The color puce is a purple-brown or dark reddish-brown with an interesting history — its name came from the French word for flea. The term was coined in 1778 and is said to be the color of bloodstained bedsheets, a commonplace sight in any flea ridden household of the day. Buckle up, the historical backstory of this color gets a little bit odd. You’ve been warned!
Puce was a trendy color in the late 18th century in France, having appeared in the raiment of royals such as Marie Antoinette and among the Court of Louis XVI. The color was also referenced by writer Émile Zola and Victor Hugo in Les Misérables, mostly to describe the color of fashionable gowns in Paris.
According to Cabinet Magazine it is a color that one must treat with care — its history is marred by rather strange meanings:
“...Puce turns out to be the most decidedly sexual and most violent color in the paint box. Puce is about plotting. Puce is about villainy. And it is not just about simple murder, but the emotionally charged and deranged murder usually associated with love—with jealous, overheated love. Think twice about using puce, or at least heed its creepy history.”
This creepiness comes from none other than a French lawyer by the name of Monsieur Étienne Pasquier. Monsieur Pasquier is known for having written a peculiar poem in which he compared himself to a flea perched upon the bosom of Mademoiselle Catherine — his attempt of a love letter. Here is our favorite line, “Oh flea... thanks to you, Madame is aroused for me. For me she is aroused, and has a flea in her ear.” From thereon, the French word and color puce was strongly associated with Monsieur Pasquier's sexually-charged letter.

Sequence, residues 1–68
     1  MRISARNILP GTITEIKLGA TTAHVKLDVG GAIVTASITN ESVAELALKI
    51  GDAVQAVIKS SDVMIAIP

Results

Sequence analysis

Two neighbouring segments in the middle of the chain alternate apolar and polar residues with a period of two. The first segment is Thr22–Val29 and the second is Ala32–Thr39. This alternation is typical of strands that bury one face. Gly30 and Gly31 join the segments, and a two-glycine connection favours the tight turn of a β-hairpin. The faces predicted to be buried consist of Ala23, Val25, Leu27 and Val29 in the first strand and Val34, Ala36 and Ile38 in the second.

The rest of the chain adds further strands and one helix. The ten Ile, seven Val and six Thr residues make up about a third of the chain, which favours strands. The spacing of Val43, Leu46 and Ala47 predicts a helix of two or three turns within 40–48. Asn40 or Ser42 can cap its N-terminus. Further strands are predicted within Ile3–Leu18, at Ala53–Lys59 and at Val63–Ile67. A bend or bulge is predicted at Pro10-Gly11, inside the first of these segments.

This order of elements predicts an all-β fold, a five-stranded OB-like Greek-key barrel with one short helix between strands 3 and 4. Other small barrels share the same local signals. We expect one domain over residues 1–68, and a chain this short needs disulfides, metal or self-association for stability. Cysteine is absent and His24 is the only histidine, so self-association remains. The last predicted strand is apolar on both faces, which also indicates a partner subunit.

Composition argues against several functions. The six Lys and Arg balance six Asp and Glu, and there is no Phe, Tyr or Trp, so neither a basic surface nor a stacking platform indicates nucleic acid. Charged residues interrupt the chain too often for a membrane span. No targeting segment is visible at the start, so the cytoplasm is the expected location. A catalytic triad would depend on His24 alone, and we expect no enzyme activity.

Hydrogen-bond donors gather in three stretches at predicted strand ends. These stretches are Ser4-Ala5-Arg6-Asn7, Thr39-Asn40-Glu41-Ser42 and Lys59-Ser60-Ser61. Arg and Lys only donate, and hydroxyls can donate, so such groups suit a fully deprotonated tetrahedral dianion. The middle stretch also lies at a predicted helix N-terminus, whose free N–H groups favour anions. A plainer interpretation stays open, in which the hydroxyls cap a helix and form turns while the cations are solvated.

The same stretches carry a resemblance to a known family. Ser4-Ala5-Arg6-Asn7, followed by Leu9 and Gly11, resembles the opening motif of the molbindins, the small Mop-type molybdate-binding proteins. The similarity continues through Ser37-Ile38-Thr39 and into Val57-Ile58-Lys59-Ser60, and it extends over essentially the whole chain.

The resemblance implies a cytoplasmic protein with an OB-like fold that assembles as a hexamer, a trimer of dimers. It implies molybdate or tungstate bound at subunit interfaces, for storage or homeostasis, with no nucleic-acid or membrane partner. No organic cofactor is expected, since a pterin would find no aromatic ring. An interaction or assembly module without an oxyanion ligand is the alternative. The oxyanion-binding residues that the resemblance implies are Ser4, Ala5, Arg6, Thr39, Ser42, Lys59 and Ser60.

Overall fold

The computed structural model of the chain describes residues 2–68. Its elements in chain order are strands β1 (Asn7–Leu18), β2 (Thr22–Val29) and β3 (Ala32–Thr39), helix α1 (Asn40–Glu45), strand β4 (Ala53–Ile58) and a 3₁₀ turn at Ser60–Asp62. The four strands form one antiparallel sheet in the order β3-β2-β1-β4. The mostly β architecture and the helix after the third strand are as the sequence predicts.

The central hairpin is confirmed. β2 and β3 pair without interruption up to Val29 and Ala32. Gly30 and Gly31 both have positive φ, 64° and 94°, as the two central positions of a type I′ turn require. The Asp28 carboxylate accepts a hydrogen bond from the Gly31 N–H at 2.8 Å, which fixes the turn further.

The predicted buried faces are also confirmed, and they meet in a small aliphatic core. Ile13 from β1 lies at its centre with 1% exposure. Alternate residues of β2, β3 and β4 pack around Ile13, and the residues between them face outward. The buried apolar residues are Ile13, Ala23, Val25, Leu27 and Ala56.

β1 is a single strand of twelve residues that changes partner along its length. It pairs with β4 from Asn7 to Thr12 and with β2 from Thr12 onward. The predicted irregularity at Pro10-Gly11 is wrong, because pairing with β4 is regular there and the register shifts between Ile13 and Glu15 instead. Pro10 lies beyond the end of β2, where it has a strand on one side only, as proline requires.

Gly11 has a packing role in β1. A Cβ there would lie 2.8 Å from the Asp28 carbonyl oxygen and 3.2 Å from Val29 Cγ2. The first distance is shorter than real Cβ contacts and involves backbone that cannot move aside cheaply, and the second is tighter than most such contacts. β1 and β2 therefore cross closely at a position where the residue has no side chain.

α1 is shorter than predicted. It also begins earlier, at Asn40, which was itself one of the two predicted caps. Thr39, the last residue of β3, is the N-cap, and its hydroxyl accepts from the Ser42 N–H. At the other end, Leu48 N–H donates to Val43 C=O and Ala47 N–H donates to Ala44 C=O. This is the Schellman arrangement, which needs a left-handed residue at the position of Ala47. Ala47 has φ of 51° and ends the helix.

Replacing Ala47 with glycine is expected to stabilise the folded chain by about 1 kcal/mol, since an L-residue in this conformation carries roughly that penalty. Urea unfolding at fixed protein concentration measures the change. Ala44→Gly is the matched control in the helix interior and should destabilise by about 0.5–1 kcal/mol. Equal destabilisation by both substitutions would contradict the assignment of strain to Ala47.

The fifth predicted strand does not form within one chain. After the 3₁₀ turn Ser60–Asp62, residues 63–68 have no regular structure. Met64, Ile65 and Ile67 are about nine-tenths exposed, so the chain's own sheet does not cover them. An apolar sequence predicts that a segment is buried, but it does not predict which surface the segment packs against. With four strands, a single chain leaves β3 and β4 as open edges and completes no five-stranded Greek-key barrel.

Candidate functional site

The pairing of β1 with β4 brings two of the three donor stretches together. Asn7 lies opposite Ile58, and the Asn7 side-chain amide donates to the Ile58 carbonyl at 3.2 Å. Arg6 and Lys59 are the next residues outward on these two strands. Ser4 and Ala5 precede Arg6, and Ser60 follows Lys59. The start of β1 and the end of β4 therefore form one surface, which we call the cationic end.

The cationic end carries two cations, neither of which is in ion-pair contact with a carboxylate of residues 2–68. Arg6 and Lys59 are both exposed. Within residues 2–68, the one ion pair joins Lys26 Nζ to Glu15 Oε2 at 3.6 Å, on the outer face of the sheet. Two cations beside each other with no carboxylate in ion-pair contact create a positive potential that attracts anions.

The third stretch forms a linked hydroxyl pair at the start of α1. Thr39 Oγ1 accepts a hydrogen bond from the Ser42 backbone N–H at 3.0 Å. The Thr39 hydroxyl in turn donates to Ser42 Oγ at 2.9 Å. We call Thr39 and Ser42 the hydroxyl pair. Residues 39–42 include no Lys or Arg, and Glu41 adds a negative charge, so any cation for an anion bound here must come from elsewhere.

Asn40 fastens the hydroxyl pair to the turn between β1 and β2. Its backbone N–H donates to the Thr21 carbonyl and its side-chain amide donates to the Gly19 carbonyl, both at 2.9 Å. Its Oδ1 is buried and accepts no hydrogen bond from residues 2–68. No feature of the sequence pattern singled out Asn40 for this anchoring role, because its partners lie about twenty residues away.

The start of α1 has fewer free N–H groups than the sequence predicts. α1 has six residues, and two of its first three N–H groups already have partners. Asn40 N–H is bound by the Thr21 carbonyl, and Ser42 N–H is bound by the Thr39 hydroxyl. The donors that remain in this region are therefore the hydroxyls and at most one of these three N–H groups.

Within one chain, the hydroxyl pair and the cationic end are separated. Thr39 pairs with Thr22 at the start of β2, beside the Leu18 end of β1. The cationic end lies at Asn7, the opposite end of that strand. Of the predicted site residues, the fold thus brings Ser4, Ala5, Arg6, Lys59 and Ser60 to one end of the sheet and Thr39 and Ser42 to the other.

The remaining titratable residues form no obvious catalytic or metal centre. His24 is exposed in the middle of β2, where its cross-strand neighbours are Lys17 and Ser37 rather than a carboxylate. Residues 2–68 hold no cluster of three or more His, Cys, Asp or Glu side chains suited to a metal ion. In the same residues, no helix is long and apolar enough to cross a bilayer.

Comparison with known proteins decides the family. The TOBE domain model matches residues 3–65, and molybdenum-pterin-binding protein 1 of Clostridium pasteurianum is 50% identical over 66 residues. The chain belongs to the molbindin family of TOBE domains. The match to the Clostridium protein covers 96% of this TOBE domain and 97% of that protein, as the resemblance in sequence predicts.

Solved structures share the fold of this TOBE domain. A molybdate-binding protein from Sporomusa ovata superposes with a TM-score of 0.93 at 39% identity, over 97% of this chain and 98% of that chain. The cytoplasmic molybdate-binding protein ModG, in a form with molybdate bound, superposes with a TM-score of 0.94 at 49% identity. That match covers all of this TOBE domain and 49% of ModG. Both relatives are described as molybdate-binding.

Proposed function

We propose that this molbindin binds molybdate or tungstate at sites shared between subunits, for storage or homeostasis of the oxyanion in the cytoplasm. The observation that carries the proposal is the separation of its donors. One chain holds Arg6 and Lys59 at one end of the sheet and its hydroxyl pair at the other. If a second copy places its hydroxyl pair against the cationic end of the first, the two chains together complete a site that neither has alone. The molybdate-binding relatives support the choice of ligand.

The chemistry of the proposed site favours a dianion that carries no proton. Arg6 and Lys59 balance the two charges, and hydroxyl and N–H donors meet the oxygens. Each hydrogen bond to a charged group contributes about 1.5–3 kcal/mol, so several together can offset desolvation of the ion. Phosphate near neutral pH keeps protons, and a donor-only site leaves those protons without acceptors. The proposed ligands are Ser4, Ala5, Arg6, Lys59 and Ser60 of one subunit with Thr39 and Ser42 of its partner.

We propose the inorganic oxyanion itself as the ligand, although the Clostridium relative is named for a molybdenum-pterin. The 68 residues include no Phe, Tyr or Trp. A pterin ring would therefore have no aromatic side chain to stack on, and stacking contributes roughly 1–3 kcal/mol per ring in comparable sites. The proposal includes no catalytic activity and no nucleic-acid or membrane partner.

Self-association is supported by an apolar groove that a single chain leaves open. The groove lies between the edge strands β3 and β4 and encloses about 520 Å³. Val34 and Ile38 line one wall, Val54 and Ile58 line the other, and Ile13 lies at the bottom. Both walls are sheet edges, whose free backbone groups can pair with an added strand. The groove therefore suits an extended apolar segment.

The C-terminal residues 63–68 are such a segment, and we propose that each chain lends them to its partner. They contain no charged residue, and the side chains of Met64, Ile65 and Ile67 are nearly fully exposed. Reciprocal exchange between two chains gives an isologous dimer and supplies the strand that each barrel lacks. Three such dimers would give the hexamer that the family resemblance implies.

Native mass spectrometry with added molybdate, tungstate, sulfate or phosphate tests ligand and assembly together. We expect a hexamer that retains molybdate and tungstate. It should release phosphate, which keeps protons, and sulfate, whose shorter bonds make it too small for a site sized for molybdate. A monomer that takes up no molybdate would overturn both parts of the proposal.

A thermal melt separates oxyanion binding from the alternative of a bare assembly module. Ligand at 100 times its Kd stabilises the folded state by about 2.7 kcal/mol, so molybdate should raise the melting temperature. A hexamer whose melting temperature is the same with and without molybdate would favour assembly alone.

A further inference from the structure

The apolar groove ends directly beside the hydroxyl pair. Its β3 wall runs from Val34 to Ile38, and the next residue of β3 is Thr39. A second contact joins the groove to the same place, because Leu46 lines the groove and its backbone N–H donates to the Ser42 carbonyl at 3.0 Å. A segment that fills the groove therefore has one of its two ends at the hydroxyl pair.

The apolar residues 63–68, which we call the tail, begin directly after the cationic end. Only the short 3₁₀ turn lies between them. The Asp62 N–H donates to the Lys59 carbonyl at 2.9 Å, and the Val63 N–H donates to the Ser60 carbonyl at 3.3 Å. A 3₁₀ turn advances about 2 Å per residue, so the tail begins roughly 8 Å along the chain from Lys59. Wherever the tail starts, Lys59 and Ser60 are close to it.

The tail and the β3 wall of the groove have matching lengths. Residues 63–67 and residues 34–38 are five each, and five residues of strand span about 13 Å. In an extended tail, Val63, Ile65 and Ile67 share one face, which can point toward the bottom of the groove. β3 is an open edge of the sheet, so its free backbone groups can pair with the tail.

On a less freaky note, this color also reminds us of cherry candy and velvet roses. Grab your favorite camera and slide in some color gels — and flood your world in puce! Slide in the magenta color gel flash filter that comes along with the Simple Use Film Camera Color Negative 400 it will be as if looking through puce-colored glasses. Point your lens at moments you cherish and capture them in this heartwarming hue. If you’re feeling more experimental, you can also try a film soup to bring out the odd yet rosy puce even more!
Add puce to your palette by taking more analogue shots with this unique color. Don't forget to upload them to your LomoHomes!